How to Use Google, YouTube and Amazon to Generate Content Ideas
Need more ideas for social media posts, LinkedIn posts, or blog posts?

The best place to turn is your customers’ questions. But what if your customers are feeling shy…and your list of frequently asked questions is running low?

There are three easy places you can turn for easy answers to get you back on track. Yes, you can also use advertising tools like Google’s Keyword Planner and SEO tools like Ubersuggest. These help you diversify and fine-tune your keywords. But we’re talking about the bigger picture. And for that, you can use the world’s three most popular search engines.

Best of all, you may find some insights that surprise you.

No time to read? Watch our video overview:

1. Google’s AutoSuggest

When you start typing a search term into Google, you’ve probably noticed that Google presents you with a short list of common queries that match what you’re typing. It’s helpful as a shortcut, but when it comes to serving your clients, these auto-suggestions can tell you what people are thinking about. That’s exactly what you want for your marketing efforts.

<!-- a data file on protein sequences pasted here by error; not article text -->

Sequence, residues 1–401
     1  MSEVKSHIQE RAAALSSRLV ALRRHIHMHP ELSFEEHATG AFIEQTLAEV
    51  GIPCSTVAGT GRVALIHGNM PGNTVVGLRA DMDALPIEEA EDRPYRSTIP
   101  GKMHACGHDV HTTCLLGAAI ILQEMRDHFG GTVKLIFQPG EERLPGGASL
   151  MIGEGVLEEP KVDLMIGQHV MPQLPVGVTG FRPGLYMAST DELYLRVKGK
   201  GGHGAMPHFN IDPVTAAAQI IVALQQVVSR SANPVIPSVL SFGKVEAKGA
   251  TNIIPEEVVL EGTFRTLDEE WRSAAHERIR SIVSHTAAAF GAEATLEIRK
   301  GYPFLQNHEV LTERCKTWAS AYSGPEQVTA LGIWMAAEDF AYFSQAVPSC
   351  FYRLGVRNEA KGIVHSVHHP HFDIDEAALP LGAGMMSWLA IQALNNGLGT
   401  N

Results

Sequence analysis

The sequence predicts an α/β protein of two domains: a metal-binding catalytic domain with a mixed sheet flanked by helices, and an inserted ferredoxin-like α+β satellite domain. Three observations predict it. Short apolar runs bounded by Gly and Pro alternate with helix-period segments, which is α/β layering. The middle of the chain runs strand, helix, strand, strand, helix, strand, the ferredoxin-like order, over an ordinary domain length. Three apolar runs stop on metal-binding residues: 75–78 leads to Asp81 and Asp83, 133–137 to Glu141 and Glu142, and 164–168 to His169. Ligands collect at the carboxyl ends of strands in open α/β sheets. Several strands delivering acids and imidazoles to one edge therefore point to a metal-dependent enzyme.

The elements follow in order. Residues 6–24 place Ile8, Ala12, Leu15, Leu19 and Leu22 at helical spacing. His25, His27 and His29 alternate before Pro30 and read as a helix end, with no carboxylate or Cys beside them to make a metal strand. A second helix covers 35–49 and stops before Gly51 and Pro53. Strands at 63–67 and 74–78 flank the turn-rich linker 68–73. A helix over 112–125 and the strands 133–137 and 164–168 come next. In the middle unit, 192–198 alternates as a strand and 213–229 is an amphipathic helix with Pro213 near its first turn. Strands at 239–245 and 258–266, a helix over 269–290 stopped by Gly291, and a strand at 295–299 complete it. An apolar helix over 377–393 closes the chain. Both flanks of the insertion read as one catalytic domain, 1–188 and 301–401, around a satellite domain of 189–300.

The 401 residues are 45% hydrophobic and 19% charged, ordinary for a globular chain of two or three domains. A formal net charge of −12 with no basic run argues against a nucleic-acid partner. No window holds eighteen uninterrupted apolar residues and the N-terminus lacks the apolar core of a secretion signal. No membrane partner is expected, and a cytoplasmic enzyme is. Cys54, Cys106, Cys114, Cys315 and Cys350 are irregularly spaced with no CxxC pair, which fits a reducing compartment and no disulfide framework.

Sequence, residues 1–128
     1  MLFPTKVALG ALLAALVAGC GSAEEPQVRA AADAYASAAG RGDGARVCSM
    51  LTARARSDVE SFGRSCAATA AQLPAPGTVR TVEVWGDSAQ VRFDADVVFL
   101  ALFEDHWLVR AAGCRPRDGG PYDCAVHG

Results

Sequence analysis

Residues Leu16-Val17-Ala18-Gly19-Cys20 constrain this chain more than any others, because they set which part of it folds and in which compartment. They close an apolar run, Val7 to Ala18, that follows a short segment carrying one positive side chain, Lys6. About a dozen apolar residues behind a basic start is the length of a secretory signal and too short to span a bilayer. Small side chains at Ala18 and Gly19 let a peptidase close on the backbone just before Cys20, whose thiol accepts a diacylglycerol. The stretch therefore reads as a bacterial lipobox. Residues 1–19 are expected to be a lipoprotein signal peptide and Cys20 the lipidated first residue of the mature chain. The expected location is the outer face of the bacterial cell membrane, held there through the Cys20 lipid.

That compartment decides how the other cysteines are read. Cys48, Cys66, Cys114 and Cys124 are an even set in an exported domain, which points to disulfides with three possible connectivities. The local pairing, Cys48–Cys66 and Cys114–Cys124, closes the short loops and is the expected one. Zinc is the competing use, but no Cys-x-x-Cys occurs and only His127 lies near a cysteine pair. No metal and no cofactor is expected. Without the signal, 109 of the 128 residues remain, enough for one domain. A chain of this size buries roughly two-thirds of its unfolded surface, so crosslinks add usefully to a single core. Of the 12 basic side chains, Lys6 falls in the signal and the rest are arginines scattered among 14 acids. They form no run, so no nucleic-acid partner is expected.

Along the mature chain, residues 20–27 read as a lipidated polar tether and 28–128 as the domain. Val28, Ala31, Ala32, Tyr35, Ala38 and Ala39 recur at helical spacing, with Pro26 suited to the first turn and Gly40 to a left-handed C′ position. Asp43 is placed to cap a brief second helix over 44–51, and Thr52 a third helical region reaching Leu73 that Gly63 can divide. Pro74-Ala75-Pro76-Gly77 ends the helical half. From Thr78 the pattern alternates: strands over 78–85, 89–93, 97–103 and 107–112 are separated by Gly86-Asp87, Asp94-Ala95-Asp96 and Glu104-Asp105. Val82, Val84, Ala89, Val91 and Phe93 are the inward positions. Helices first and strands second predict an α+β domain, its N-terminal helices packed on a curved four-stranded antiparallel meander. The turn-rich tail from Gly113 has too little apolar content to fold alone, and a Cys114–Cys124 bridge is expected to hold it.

Let’s look at an example.

If we start with something pretty generic, we can still learn something useful. When we search for “life insurance,” here’s what we see from Google’s autosuggest:

Screenshot of Google's auto-suggestions when you type in 'life insurance'

Topics you might want to cover if you haven’t already include:

  • life insurance for seniors
  • life insurance without a medical exam
  • the basic definition of life insurance

And look what happens when we add just one word, “with,” to this search query:

Screenshot of Google's auto-suggestions when you type in 'life insurance with'

Now we’ve got a life of some seriously meaty topics to cover:

  • cash value life insurance
  • living benefits
  • life insurance with people with cancer
  • life insurance for people with diabetes